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Friendships are bound to happen

ORI's ownership is drawn from the west coast, Rocky Mountains, midwestern states, as well as western Canada. Residents and seasonal renters start to pull onto lots in early November and depart around mid-April. While many of ORI's owners have primary homes, there is a growing number of full-time couples who travel to cooler climates in the summer.

While there are both short-term and seasonal renters during the winter months, the majority of residents are owners. However, unlike many second-home resort communities that can be socially insular, ORI has a strong culture of welcoming everyone. A good way of looking at this is thinking of overlapping social circles.

It starts with simply getting to know your neighbors on your street. Impromptu cocktail or sports watching parties happen throughout the resort, throughout the week. Of course there are strong communities built around pickleball and golf, but there are also many other interest groups for hiking, off-roading, ukulele playing, and various card and domino games. What's great is the lack of pressure to be part of any one "scene." If you're new to the community, you'll find that it's easy to simply drift into new activities and friendships with very little effort. That's the hidden magic of ORI that is hard to fully capture. And it's that sense of community which extends through the off-season as many ORI residents stay in touch via e-mail, visit each others homes, and travel together.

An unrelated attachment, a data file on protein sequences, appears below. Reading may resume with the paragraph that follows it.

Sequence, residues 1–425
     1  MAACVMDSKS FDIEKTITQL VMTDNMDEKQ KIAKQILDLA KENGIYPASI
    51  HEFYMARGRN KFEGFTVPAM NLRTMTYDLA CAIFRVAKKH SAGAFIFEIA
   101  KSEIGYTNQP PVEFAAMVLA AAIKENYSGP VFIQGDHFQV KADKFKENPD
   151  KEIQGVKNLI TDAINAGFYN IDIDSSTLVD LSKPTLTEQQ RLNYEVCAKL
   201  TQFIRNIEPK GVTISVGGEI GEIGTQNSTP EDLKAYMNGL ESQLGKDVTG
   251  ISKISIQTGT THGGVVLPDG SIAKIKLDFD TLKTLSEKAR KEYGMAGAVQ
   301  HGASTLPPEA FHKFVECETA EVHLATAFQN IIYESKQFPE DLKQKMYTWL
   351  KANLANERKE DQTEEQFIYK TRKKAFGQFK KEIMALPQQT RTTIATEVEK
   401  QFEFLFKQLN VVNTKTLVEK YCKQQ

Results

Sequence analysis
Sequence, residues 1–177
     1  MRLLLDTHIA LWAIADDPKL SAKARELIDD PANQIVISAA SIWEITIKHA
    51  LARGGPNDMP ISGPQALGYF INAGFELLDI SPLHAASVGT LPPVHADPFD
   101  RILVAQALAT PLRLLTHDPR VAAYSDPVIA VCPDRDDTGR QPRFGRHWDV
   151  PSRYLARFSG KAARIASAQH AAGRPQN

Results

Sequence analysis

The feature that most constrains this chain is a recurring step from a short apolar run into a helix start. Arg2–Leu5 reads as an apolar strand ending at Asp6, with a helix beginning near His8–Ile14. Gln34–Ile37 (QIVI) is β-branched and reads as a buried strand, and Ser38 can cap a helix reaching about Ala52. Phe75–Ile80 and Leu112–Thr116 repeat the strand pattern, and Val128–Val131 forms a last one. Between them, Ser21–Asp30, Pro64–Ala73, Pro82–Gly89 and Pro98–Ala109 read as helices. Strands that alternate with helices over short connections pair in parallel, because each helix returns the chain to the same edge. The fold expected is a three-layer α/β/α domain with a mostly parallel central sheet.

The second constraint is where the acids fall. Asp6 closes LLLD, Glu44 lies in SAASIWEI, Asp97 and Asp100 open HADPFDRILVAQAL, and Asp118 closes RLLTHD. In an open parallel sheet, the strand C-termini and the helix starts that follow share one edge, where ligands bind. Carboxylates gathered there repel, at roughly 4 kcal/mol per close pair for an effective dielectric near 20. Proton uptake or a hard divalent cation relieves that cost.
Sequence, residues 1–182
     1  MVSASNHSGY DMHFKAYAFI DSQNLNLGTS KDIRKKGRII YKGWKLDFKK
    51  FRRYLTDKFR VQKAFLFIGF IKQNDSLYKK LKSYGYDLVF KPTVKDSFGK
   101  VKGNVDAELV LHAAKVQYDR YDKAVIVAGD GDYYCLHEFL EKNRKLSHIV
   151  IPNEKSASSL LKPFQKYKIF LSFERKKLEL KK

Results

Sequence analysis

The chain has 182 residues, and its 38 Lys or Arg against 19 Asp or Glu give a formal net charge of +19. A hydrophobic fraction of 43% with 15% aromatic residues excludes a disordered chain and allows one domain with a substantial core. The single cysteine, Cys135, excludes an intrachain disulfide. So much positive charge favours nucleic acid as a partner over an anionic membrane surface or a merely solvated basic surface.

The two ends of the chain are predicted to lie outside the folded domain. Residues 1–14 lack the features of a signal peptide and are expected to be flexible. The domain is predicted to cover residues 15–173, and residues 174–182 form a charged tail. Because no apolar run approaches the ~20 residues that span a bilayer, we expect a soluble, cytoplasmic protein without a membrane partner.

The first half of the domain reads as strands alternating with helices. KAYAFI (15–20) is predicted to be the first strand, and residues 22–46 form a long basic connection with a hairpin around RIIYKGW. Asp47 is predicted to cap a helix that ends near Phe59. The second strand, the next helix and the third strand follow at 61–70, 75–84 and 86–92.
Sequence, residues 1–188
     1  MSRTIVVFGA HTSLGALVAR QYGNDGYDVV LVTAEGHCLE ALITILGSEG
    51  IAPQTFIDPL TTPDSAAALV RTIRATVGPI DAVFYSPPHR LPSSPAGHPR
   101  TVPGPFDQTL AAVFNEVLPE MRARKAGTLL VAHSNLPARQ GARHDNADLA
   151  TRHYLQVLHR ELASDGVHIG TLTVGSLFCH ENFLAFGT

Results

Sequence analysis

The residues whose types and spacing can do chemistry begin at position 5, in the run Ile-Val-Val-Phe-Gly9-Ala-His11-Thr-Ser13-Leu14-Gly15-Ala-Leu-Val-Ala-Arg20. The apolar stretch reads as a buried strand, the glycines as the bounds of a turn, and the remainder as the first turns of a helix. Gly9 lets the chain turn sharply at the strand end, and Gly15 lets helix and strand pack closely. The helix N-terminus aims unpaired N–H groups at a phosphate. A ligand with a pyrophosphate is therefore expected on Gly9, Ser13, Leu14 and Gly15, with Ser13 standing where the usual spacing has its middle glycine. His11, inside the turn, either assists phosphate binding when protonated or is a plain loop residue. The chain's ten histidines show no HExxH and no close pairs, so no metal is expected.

(Photo top: Annual charity duck race at ORI)